Found 2 problems....rows/columns start at 0, not 1.  So the first row and colum was begin removed (not a big deal).... and get pixel returns at 16 bit number for each color, but HTML requires an 8 bit number, so the number from get pixel needs to be divided by 256.



#!/usr/local/bin/perl

use Image::Magick;
my($image, $x);

$image = Image::Magick->new;
$x = $image->Read('test1.gif');
warn "$x" if "$x";

$cols=$image->get('columns');
$rows=$image->get('rows');

for($row=0; $row<$rows; $row++){
     print "begin_row\n";
     for($col=0; $col<$cols; $col++){
          @pixels=split(/,/,$image->get("pixel[$col,$row]"));
          for($i=0;$i<4;$i++){
                $pixels[$i]=$pixels[$i]/256;
          }
          printf "%02X%02X%02X ",$pixels[0], $pixels[1], $pixels[2];
     }
     print "\nend_row\n";
}
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stakorAuthor Commented:
It's going to be a few hours before I can test it. Thanks for the responce.
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mjcoyneCommented:
I arrived at the same conclusions as Adam314 (that ImageMagick returns 16-bit RGBA values, and that rows and columns start at 0).  My solution is a bit different:

#!/usr/bin/perl -w
use strict;
use Image::Magick;

my($image, $x, $row, $col);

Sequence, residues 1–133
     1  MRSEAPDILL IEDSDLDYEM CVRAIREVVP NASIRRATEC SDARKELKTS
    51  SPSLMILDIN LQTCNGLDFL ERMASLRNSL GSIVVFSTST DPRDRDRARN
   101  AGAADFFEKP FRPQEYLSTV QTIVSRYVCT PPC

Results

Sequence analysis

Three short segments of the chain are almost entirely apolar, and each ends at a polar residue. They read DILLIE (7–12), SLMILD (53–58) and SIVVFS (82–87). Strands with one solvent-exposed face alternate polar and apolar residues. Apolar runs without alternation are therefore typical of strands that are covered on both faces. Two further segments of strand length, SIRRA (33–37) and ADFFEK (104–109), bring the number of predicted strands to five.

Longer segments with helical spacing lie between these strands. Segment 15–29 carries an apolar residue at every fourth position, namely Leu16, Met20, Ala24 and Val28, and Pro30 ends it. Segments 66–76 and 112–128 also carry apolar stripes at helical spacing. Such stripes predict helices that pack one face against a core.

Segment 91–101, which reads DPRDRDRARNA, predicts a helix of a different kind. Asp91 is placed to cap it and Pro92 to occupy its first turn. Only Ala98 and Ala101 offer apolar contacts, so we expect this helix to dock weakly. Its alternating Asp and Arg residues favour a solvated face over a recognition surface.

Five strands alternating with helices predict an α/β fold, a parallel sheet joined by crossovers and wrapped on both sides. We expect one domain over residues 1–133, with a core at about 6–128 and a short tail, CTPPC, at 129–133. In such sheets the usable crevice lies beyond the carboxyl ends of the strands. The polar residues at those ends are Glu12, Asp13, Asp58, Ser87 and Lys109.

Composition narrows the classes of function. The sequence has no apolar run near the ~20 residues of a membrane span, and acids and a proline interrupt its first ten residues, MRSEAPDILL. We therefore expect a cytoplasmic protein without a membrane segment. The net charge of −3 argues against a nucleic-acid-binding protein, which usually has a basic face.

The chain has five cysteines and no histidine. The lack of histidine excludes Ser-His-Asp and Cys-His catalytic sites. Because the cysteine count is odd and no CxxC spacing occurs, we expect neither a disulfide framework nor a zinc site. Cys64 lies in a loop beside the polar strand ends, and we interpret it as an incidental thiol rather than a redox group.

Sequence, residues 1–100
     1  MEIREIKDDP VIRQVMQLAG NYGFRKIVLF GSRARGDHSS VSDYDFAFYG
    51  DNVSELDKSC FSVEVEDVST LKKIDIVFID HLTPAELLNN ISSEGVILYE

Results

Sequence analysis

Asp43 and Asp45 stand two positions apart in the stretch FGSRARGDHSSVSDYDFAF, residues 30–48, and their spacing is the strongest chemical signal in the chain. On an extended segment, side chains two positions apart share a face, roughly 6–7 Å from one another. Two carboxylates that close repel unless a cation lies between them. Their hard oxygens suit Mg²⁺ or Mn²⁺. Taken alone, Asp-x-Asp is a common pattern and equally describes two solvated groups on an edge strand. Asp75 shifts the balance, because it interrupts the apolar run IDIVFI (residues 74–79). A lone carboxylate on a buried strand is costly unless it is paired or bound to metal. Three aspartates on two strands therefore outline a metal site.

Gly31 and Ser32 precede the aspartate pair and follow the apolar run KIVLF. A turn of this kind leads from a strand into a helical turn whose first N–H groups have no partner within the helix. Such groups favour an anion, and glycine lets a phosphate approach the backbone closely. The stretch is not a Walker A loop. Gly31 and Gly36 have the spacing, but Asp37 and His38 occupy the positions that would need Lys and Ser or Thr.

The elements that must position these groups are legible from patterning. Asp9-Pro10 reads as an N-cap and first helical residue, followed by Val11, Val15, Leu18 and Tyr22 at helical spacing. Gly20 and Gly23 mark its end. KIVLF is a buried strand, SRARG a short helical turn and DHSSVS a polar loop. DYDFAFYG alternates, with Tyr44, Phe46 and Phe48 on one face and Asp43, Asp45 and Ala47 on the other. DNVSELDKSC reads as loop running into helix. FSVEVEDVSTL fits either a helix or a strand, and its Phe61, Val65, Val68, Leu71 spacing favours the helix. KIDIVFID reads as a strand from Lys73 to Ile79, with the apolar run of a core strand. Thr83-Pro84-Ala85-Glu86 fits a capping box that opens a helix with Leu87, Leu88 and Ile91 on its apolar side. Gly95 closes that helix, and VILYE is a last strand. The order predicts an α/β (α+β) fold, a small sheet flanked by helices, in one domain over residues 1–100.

$image = Image::Magick->new;
$x = $image->Read('Untitled-5.jpg');
warn "$x" if "$x";

my $num_rows=$image->get('rows');
my $num_cols=$image->get('columns');

for($row=0; $row<=$num_rows; $row++) {
    print "begin_row\n";
    for($col=0; $col<=$num_cols; $col++) {
        my ($r, $g, $b) = map { $_/257 } split /,/, $image->get("pixel[$col,$row]");
        printf "%X%X%X", $r, $g, $b;
    }
     print "\nend_row\n";
}

Note that I'm dividing by 257, because it always results in integers, and thus avoids rounding errors.  I made an image in Photoshop, and ran several alternatives in the map block (note that ceil() and floor() require "use POSIX qw(ceil floor);" to be included in your code):

original image from Photoshop: 153, 51, 255 (9933FF)

map { $_/256 }, result: 153.59765625, 51.19921875, 255.99609375 (9933FF)
map { $_/257 }, result: 153, 51, 255 (9933FF)

map { sprintf ("%.0f", $_/256) }, result: 154, 51, 256 (9A33100)
map { sprintf ("%.0f", $_/257) }, result: 153, 51, 255 (9933FF)

map { int ($_/256) }, result: 153, 51, 255 (9933FF)
map { int ($_/257) }, result: 153, 51, 255 (9933FF)

map { ceil ($_/256) }, result: 154, 52, 256 (9A34100)
map { ceil ($_/257) }, result: 153, 51, 255 (9933FF)

map { floor ($_/256) }, result: 153, 51, 255 (9933FF)
map { floor ($_/257) }, result: 153, 51, 255 (9933FF)

Where dividing by 256 is usually correct (except using the sprintf() and ceil() methods), dividing by 257 is always correct (because it results in integers, thus no rounding errors).  Running the same test with an image that is 0, 255, 153 (00FF99), we get: